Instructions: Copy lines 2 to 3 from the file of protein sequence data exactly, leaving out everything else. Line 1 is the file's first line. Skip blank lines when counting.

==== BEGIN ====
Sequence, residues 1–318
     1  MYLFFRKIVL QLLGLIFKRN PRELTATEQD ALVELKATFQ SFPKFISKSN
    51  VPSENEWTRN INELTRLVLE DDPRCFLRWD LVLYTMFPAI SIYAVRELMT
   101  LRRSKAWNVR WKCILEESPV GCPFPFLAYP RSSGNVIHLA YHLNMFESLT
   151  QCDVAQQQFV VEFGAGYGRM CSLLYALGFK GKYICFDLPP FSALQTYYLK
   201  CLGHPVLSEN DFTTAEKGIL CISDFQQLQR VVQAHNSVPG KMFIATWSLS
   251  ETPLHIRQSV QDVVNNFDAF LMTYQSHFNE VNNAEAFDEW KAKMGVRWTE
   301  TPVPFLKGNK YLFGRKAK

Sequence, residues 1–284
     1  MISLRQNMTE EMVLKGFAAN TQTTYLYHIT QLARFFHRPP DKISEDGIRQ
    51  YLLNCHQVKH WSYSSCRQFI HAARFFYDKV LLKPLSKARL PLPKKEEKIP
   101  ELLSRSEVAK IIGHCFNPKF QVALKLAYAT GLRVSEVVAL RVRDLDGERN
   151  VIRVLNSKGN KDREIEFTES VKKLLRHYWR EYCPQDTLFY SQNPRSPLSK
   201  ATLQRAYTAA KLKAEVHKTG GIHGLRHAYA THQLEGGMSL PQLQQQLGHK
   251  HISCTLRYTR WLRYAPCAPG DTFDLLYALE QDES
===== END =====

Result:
     1  MYLFFRKIVL QLLGLIFKRN PRELTATEQD ALVELKATFQ SFPKFISKSN
    51  VPSENEWTRN INELTRLVLE DDPRCFLRWD LVLYTMFPAI SIYAVRELMT